Petite Île / CityGate II
Exploring new urban regeneration model
‘Petite Île’ is a new neighbourhood being built on a former industrial site between railway tracks and the canal that will act as a gateway to Brussels. It will offer a programmatic mix of functions: 400 social and subsidised housing units, 15,000 m² of space for economic activities, and a school for 1,200 pupils, which all correspond with the project’s dual objective—providing space to retain industry and productive activities within the city, while at the same time supplying more housing and related amenities in order to respond to demographic pressure.
The project was developed within the framework of the Brussels Canal Plan, an innovative governance model based on four regional administrations working together as part of the multidisciplinary Canal Team. This team encouraged and enabled a collaborative partnership between two further public bodies, Citydev.brussels (the Brussels Regional Development Agency), owner of a portion of the site since 2015, and the SLRB (the Brussels-Capital Region Housing Corporation), which bought the remainder of the plot in 2017. Motivated by a common desire for a coherent approach to the development of the site, the two actors pooled their land and resources together to launch a joint procurement. Following an international competition, a design team was chosen to develop the site. In addition, the Brussels environmental agency, Bruxelles Environnement-IBGE, facilitated and led a co-design platform to ensure that the project was exemplary with regard to the Brussels index for sustainable neighbourhoods.
Utilising the strategic tool of Research by Design at the outset allowed the Canal Team to develop a clear vision of the desired programme and urban quality, within the context of the ZEMU regulatory land-use plan. The two public landowners were convinced to collaborate rather than develop their plots separately by highlighting the opportunity to realise a more ambitious and complex project, which simplified numerous aspects such as logistics and access. As well as allowing for a further provision of support in the definition and ambition of the project, this co-ordinated approach allowed for further flexibility, improved mixity (both in terms of functions and inhabitants), and delivered higher design quality, since the various collaborations have provided evaluation, discussion and recommendations at every stage of the project. Further partnerships with other external actors, such as Bruxelles Environnement-IBGE and the EU Interreg FCRBE project, have helped ensure that the design team has achieved key goals related to heritage, sustainability and the circular economy.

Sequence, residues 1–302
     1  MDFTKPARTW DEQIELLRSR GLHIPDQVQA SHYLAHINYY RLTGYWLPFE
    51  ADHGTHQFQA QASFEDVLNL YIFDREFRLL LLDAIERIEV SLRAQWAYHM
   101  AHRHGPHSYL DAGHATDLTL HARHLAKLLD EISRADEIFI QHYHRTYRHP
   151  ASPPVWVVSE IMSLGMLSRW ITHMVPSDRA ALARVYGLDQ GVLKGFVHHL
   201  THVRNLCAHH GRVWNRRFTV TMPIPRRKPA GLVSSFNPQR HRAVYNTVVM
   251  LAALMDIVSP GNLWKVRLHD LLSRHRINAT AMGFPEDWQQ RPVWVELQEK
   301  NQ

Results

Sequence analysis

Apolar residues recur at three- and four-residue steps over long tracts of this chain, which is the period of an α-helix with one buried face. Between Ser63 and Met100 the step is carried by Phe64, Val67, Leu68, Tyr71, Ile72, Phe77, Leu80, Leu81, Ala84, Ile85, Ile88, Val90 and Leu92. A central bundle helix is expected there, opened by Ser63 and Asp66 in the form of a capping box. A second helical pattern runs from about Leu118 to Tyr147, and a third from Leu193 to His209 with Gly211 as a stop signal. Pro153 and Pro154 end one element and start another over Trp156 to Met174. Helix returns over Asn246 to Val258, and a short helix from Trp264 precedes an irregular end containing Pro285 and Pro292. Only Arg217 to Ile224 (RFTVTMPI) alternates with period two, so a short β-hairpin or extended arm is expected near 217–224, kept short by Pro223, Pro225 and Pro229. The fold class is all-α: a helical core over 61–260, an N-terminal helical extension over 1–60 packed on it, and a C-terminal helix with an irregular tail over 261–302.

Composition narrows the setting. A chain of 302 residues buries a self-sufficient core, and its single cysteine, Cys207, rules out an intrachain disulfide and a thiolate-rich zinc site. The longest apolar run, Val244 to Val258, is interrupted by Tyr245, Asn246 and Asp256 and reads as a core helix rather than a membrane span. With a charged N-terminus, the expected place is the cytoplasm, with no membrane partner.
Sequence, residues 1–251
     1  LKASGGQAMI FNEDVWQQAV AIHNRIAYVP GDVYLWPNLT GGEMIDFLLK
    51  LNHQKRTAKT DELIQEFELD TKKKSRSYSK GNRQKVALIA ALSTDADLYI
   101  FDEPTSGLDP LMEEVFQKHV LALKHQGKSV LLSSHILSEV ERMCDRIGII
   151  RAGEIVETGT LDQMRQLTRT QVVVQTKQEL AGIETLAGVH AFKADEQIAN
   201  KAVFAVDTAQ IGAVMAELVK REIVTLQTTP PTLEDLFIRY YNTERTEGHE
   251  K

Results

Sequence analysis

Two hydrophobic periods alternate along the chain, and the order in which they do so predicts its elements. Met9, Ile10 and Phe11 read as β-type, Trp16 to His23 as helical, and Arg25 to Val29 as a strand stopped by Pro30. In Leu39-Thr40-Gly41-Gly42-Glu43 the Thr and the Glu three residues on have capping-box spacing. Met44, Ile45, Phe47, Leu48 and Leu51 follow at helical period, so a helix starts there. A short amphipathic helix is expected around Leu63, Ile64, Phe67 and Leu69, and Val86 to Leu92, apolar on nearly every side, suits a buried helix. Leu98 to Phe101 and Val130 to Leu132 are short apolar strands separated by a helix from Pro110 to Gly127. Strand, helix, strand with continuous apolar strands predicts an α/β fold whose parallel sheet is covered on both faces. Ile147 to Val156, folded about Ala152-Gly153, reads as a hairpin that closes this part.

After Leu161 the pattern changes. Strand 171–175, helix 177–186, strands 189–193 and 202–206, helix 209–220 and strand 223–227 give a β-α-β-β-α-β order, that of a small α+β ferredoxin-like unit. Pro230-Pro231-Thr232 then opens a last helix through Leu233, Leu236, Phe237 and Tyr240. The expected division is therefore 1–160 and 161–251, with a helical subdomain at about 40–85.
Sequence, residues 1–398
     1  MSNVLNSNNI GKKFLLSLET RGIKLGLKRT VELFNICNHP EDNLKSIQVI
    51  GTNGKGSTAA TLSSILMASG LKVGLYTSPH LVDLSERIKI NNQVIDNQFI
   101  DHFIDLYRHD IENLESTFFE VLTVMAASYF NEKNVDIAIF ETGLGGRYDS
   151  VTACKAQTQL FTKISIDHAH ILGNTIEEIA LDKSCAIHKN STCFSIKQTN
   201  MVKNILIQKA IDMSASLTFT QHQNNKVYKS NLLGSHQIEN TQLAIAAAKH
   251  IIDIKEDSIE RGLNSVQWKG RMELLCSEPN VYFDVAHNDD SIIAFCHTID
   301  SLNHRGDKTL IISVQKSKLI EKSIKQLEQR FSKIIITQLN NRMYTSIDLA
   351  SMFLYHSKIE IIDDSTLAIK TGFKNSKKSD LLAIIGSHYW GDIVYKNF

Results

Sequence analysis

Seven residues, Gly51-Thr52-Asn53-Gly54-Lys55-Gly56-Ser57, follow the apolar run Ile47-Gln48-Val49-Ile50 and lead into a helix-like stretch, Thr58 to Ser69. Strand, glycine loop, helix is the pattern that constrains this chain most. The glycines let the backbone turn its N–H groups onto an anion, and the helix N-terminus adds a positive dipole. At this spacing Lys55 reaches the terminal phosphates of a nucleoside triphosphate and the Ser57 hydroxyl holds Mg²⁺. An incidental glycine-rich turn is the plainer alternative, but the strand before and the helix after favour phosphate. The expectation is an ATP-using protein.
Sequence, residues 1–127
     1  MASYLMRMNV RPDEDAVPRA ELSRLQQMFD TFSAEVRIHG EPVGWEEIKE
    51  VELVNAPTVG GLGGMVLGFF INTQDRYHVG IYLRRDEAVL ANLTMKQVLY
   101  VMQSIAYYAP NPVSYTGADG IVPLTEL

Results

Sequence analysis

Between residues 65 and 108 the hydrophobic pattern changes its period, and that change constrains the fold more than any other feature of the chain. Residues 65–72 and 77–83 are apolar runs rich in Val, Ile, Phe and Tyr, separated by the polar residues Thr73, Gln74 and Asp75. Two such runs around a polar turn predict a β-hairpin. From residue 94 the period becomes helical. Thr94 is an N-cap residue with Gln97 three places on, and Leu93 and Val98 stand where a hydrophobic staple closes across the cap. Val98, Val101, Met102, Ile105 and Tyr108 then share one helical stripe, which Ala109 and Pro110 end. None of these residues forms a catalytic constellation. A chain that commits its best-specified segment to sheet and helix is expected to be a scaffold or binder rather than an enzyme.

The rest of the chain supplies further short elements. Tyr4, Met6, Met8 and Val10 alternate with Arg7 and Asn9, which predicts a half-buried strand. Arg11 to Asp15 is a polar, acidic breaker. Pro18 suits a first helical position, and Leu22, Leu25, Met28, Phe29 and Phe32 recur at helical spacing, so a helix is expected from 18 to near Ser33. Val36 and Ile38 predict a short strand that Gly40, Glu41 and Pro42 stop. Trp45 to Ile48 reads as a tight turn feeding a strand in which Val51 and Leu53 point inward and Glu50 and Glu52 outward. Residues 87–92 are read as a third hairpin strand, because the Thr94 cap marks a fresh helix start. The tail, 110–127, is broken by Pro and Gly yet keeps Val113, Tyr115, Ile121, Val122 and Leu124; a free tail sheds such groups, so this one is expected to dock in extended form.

This project is the result of collaborative and transversal approaches across a number of scales, from the regional, to the local, to the design team levels. The innovative urban design governance model employed by the Canal Team has further encouraged a culture of transversality and collaboration, helping to build trust between the various actors, while allowing for more flexible and exploratory approaches – for example, the experimental, project-based urbanism of Research by Design. This allowed the design team to deliver a project of high urban quality while achieving the stated aim of a mixed, productive neighbourhood; one that integrates a mix of typologies and scales while maintaining a degree of openness and transparency between the various programmes.